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Have a question for you that have been riding for a while.

Due to the gas prices and about 100 miles to get to work and back I will be getting a used 1100. I haven't been on a bike for about 20 years but rode a lot back then. What are some of the changes that you have experienced during that time and what can I expect? Traffic, roads, attitudes toward riders?



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If you are riding into "the city", beware the canyons that have formed between lanes. Very dangerous changing lanes should you drop into one of these.

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I commute 80 miles round trip and have noticed that people don't seem to have much common sense when it comes to following motorcycles. They tailgate them as bad as they do cars if not worse.

I drive a truck to work and have been tempted ot get a bike for commuting purposes.

I agree with the canyons between lanes. The roads are in worse shape now than I've seen in many years. I think there's also more roadkill these days with the increased traffic. I'd hate to try skipping over Bambi laying in the middle of the road.

I also noticed that people don't look or signal when changing lanes anymore. On a daily basis I have people cutting me off. Actually had a woman try running me off the road for no reason. Had I been on a bike, it would have been a nasty site.

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I also noticed that people don't look or signal when changing lanes anymore. On a daily basis I have people cutting me off. Actually had a woman try running me off the road for no reason. Had I been on a bike, it would have been a nasty site.

Some of the biggest changes that I think need to be made now days lies in the hands of yourself as the rider. Defensive driving is a must when traveling on two wheels. Pretend that nobody can see you.

This day in age you will find more people preoccupied with what they are doing inside the car that they will not realize what is outside. From cell phones, to ipods, to putting on make-up, to reading novels. I have seen it all.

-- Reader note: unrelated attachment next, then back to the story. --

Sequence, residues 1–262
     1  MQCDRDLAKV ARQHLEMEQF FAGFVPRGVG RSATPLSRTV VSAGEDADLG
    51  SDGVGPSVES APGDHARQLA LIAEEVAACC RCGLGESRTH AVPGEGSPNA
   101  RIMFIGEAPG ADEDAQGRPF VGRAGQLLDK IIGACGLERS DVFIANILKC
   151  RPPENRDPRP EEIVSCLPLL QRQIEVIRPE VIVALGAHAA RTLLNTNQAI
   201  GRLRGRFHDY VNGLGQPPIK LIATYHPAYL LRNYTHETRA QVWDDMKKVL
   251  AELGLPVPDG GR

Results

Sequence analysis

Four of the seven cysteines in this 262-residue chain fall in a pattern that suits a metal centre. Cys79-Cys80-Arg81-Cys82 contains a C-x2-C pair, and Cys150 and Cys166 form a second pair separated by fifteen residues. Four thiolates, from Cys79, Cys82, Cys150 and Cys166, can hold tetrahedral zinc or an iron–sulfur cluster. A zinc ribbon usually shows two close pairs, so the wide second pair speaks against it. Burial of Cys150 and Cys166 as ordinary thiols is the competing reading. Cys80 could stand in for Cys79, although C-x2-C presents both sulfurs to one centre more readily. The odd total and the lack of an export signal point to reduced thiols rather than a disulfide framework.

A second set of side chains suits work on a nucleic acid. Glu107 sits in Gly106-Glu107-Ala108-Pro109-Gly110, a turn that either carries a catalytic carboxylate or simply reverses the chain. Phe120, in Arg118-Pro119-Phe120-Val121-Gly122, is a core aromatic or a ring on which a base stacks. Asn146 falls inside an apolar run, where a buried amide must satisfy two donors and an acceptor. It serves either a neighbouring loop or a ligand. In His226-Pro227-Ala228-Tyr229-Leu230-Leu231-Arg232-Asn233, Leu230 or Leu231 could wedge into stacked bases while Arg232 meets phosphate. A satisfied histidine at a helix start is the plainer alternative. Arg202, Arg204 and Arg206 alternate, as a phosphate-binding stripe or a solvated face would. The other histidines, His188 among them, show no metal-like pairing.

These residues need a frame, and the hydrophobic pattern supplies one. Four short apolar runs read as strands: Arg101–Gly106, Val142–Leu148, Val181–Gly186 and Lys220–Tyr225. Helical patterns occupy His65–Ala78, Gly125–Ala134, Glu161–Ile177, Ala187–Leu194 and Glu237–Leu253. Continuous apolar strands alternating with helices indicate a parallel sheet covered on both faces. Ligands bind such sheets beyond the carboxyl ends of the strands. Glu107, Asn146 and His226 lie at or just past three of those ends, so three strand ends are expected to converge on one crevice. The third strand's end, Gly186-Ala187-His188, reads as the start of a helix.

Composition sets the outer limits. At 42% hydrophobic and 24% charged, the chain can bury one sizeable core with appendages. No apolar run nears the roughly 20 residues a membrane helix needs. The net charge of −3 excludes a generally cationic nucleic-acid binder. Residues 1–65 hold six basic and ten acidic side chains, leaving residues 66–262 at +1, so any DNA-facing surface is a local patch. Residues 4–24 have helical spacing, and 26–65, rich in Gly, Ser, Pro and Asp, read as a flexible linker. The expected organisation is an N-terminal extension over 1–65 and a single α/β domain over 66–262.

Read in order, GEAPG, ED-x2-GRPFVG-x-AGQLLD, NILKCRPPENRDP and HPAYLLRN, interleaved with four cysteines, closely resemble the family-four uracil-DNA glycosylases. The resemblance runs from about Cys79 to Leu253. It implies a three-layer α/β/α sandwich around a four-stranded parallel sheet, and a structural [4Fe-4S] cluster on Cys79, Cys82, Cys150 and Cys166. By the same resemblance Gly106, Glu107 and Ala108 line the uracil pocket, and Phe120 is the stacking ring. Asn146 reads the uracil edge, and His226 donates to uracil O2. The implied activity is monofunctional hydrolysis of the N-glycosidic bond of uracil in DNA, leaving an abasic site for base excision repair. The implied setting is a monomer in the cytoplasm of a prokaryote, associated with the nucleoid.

GIVE YOURSELF ROOM!!Always be aware of your surroundings and have an escape plan every time you approach vehicles on the road. Watching the traffic coming towards you as well as those in front and behind you. Be prepared to make your own modifications, and drive at a slow enough pace where these escape routes can feasibly be executed.

With the changing seasons, you will find road conditions change with the weather. From potholes and sand in the spring to soft, slick oil sealed blacktop in the summer.

Be careful, ride with a watchful eye, and enjoy the ride!


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Everytime I throw my leg over the seat, I put my mind in the "everyone is out to get me" mode. Kinda sad because it does take some of the joy out of riding but you can't count on anyone now days, too many distractions. Expect the unexpected!

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Just witnessed a guy on a Beemer (bike)this morning put himself into a death trap with no more than a bike infront and behind him between vehicles.

I agree with you guys. I already do this while in the truck. I already know people are out to get me. smile

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Take a motorcycle refresher course. It's amazing what you forget. Things like changing your reaction time, scanning the road ahead of you stopping and cornering are skills that get rusty. I've been riding since I was 15 (I'm 50 now) and each spring ride is an eye opener. Some moron on a cell phone cuts it just a bit too close and I'm not ready with my hand a foot in place to stop. I don't forget again for the rest of the season but next spring I'm trying to remember it again. When I got my new boat I jumped at the chance to have the dealer come out with me for a ride because there's a hundred things to remember. It's the same on a motorcycle but at 60 mph and with lots of vehicles out to get you.

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I ride 75 miles round trip daily and I dont know if you wear a helmet or not. But I Highly recommend for commuting to work. They have changed alot over the years, lighter, better comfort and vents for air flow on your scalp, just to name a few. I too like the wind blowing through my hair, but even on back roads there are alot more trucks trying to avoid tolls, etc... and that wind could easily turn into a rock grazing your skull. I have quite a few grazes in my skull cap. I think a helmet is must.

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Lifted this from another HSOforum.

Long but a good read.

Motorcycle Cruiser's mothership, Motorcyclist magazine, recently published the following advice to an overwhelmingly appreciative response. We have decided to republish the list of living-saving techniques-in its entirety-for our own readership.

Assume you're invisible

Because to a lot of drivers, you are. Never make a move based on the assumption that another driver sees you, even if you've just made eye contact.

Be considerate

The consequences of strafing the jerk-bait du jour or cutting him off start out bad and get worse. Pretend it was your grandma and think again

Dress for the crash, not the pool or the prom